WHAT IS IT? 
Chlamydia is a common sexually transmitted disease caused by a kind of bacteria which can infect both women and men.

WHAT ARE THE SYMPTOMS?
Symptoms of chlamydia are usually mild or absent, but serious complications that cause irreversible damage, including infertility,  can occur “silently” before a woman ever recognizes a problem.  Chlamydia also can cause discharge from the penis of an infected  man.

WHY SHOULD I CARE?
Untreated, chlamydial infections can progress to serious reproductive and other health problems with both short-term and long-term consequences. Like the disease itself, the damage that chlamydia causes is often unnoticed.  In women, untreated infection can spread into the uterus or fallopian tubes and cause pelvic inflammatory disease (PID). This happens in up to 40 percent of women with untreated chlamydia. PID can cause permanent damage to the fallopian tubes, uterus, and surrounding tissues. The  damage can lead to chronic pelvic pain, infertility, and potentially fatal ectopic pregnancy (pregnancy outside the uterus).  Women infected with chlamydia are up to five times more likely to become infected with HIV, if exposed to it.

HOW DO YOU GET CHLAMYDIA?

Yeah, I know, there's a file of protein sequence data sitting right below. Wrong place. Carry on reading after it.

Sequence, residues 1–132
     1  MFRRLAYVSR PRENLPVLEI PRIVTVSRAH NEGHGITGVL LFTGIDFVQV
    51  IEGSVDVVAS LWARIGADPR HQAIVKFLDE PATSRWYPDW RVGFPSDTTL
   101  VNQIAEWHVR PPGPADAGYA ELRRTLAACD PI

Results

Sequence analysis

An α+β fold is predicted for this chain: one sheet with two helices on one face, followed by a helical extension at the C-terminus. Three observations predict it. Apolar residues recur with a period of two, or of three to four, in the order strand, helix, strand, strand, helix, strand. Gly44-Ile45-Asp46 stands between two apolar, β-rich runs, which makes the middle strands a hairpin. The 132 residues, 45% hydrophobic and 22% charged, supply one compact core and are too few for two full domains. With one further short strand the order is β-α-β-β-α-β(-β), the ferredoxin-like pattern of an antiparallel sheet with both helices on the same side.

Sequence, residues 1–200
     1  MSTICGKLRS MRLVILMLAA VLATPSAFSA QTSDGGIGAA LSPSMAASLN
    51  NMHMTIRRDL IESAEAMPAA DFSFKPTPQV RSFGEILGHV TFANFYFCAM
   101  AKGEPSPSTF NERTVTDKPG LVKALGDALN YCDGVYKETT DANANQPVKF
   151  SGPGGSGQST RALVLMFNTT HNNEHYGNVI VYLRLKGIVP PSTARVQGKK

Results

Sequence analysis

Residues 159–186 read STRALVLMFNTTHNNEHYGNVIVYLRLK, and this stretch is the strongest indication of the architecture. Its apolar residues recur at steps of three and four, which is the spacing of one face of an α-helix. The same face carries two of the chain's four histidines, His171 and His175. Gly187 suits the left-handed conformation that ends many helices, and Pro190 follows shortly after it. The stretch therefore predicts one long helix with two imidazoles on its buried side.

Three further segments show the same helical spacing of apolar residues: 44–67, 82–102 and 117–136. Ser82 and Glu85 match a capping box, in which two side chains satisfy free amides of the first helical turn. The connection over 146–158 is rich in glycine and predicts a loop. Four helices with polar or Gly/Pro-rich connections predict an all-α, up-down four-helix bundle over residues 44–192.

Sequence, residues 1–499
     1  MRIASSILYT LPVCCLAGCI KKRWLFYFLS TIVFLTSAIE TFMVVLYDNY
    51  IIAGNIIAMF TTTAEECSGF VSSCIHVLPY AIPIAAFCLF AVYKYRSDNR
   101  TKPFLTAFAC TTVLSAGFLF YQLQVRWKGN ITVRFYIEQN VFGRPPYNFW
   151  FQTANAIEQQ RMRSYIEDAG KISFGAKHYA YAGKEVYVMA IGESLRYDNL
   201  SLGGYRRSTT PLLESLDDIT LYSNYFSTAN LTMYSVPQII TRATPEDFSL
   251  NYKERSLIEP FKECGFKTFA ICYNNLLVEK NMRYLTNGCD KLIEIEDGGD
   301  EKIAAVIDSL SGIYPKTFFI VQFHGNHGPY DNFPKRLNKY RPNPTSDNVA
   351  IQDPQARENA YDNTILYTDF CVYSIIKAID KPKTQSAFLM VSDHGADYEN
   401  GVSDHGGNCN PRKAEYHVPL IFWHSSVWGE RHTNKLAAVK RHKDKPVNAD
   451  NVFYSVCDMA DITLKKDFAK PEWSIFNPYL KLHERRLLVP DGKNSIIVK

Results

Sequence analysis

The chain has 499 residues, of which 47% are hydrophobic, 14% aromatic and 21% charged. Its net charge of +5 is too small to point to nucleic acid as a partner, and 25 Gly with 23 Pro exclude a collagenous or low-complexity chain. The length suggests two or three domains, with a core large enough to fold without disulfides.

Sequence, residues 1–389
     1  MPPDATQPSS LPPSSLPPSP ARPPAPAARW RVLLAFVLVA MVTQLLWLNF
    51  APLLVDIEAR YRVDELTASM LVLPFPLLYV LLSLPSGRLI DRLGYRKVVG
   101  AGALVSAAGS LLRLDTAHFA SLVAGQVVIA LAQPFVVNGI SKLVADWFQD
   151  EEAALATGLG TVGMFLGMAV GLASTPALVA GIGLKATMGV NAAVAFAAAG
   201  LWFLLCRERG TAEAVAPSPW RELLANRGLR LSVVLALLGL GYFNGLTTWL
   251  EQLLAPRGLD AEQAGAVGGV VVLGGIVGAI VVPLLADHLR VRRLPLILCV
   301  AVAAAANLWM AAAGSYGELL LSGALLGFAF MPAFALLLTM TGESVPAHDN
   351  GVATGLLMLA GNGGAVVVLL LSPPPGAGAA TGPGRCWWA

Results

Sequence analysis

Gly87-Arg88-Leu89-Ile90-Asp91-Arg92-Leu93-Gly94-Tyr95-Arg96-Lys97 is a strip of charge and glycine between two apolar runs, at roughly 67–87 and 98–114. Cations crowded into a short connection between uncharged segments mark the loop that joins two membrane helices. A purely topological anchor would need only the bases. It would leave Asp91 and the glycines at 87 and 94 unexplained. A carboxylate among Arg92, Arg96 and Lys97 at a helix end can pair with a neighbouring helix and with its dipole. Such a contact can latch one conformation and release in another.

Chlamydia can be transmitted during vaginal, anal, or oral sex.  Chlamydia can also be passed from an infected mother to her baby during vaginal childbirth.

Any  sexually active person can be infected with chlamydia.  The greater  the number of sex partners, the greater the risk of infection.  Because  the cervix (opening to the uterus) of teenage girls and young women  is not fully mature, they are at particularly high risk for infection if sexually active. Since chlamydia can be transmitted by oral or anal sex, men who have sex with men are also at risk for chlamydial  infection.

DIAGNOSIS AND TREATMENT
There are laboratory tests to diagnose chlamydia.  Some can be performed on urine, other tests require that a specimen be collected from a site such as the penis or cervix.  Chlamydia can be treated and cured with antibiotics.